As part of that marketing campaign, Bernard was also behind the $5m challenge for Dan Wheldon to race for at Vegas, which some subsequently suggested was a factor in the subsequent fatal accident on lap 11 of the race that claimed Wheldon's life. Before the accident, Wheldon had been one of Bernard's biggest supporters and cheerleaders for his work rejuvenating the series, and the personal shock of his new friend's death was evident on Bernard's face when he had to face the press at Las Vegas Motor Speedway to make the announcement that Wheldon had not survived his injuries and that the race was to be cancelled - a decision that was itself criticised.

"A number of the purists or traditionalists want to question why I stopped the race. The mainstream would say it was the right call, but purists and traditionalists would say the wrong call," Bernard told WFNI 1070AM, adding simply than in his view, "It would have been in poor taste to go on."

After Vegas, Bernard opted to mainly keep out of the media gaze and he admitted: "It all put me on the defence for the first time in two years on the job; I prefer being on offence. I like to push new things out there. But until the investigation was done, you saw me withdraw. I don't like that, but it was what I needed to do."

There were suggestions that Bernard might walk away from the series, which would have been a body blow for IndyCar's future prospects. But Bernard insisted during his interview on WFNI 1070AM that he wasn't going to walk away from the job regardless of all the criticism, arguments and ultimately tragedy he'd gone through to date.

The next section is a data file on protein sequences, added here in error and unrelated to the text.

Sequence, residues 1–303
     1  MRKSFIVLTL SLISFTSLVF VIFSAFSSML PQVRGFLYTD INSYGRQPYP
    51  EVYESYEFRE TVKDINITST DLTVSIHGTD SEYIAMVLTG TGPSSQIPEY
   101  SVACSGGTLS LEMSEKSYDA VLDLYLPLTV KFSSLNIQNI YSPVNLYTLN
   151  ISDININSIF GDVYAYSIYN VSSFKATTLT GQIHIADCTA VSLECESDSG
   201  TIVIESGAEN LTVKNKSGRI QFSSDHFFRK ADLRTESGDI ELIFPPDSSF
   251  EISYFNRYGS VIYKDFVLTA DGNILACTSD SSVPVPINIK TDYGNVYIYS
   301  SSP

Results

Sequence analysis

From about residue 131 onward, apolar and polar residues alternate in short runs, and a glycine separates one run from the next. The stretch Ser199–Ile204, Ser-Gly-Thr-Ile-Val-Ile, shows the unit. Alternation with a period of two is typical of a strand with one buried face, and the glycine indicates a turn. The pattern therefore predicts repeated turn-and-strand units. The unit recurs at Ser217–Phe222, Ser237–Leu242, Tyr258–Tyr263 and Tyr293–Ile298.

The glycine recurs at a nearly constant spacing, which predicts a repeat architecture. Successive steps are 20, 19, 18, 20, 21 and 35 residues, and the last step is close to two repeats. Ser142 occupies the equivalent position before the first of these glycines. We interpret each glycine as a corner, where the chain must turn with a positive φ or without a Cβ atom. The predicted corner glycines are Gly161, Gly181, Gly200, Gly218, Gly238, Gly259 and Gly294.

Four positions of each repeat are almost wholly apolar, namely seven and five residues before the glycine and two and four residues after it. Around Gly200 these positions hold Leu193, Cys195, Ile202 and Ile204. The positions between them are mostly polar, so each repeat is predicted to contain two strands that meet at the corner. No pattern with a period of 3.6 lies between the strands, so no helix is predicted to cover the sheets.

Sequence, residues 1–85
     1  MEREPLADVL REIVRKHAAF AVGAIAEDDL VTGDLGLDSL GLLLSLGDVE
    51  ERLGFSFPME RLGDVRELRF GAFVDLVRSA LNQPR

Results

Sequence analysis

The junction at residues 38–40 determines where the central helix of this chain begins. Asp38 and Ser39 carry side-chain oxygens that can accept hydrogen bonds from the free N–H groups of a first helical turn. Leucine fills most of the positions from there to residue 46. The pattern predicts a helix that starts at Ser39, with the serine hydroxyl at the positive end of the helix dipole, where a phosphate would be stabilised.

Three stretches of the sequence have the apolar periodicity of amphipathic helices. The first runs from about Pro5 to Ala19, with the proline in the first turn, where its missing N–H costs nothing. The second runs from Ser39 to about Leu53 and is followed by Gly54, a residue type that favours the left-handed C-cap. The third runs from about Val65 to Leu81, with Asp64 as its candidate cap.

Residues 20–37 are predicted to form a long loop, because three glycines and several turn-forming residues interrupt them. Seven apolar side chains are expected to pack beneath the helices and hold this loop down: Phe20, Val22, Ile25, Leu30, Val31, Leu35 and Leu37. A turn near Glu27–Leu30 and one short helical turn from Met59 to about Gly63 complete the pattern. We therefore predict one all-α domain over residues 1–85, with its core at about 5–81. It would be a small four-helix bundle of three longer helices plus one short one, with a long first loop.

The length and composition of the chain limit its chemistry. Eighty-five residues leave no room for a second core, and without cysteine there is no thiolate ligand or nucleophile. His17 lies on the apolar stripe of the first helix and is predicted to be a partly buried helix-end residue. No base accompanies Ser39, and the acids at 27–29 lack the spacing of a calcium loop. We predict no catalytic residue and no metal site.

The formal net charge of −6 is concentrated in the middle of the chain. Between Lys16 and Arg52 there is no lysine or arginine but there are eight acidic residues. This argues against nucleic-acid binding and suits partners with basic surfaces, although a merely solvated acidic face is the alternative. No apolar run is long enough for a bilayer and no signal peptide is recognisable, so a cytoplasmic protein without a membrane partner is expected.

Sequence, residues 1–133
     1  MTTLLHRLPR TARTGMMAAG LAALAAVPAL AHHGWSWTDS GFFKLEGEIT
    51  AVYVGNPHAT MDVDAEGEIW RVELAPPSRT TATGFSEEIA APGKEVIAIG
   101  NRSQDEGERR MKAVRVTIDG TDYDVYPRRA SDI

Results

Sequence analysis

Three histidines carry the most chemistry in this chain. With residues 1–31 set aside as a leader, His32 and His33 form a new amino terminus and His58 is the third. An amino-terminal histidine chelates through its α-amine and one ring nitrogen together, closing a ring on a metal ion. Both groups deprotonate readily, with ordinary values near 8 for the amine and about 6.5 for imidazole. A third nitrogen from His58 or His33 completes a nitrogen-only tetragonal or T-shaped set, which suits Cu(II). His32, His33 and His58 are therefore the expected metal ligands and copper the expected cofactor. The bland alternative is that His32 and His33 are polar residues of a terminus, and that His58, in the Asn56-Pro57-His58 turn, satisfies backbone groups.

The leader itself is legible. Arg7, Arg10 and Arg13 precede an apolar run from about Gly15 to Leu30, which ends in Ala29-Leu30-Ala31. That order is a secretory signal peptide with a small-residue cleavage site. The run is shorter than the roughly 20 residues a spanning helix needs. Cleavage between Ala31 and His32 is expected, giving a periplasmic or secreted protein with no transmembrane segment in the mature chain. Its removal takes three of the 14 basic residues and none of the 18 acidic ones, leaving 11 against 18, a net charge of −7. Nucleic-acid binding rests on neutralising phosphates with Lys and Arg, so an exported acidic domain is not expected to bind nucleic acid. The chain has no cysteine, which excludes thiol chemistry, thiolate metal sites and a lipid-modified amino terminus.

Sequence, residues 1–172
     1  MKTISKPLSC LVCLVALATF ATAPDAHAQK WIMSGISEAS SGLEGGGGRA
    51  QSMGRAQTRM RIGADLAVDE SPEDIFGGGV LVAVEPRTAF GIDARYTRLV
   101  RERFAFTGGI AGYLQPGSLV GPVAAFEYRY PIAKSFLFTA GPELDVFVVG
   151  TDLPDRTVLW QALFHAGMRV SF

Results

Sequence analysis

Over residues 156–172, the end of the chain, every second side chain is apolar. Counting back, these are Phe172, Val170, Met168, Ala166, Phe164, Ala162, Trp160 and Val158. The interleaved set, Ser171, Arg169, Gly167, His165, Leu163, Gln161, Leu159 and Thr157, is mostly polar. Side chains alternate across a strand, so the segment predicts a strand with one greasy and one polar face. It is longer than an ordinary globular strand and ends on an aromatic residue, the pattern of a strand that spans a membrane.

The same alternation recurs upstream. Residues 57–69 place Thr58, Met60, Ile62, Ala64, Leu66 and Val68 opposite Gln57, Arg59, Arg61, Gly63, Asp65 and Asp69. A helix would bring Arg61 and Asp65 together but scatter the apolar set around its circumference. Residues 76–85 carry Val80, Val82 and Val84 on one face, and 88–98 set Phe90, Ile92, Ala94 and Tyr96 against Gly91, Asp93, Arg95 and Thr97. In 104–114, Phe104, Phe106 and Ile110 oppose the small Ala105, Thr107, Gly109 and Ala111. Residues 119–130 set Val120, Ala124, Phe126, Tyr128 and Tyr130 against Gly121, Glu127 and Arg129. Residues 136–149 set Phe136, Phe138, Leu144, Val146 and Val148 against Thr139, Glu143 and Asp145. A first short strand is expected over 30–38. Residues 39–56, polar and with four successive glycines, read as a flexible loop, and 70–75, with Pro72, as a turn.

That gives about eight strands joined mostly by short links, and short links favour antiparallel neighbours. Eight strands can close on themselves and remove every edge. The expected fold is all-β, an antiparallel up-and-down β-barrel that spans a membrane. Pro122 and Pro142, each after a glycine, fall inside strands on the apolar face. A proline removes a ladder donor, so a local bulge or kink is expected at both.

"Whatever I do, there will be challenges ... I never thought about quitting. I hear that all the time. I'm not a quitter. I have a five-year contract, and the only way I leave is if the [Hulman-George] family asks me to. I haven't lost any enthusiasm."

In the meantime, Bernard has overseen the publication of the official accident investigation report into the events at Vegas (which specifically cleared the $5m challenge of playing any part in what happened) and he also made the decision to move another much-criticised member of the IndyCar management, Brian Barnhart, out of race control to concentrate on other responsibilities as president of competition.

Bernard is also involved with the introduction of the new 2012 IndyCar Safety cell chassis - named the DW12 in honour of its first official test driver, Dan Wheldon - and is confident that the issues with weight imbalance and aerodynamic drag will be addressed.

Pointing out that TV ratings had jumped by 24% in 2011, Bernard insisted that IndyCar was on its way back and would continue to grow stronger in 2012. "There are a lot of positives. The average age of our fan base decreased by three years. We need to get those things out there; in my opinion, the sport is thriving right now.

"Is it where it was earlier? No. But we're working on getting back there."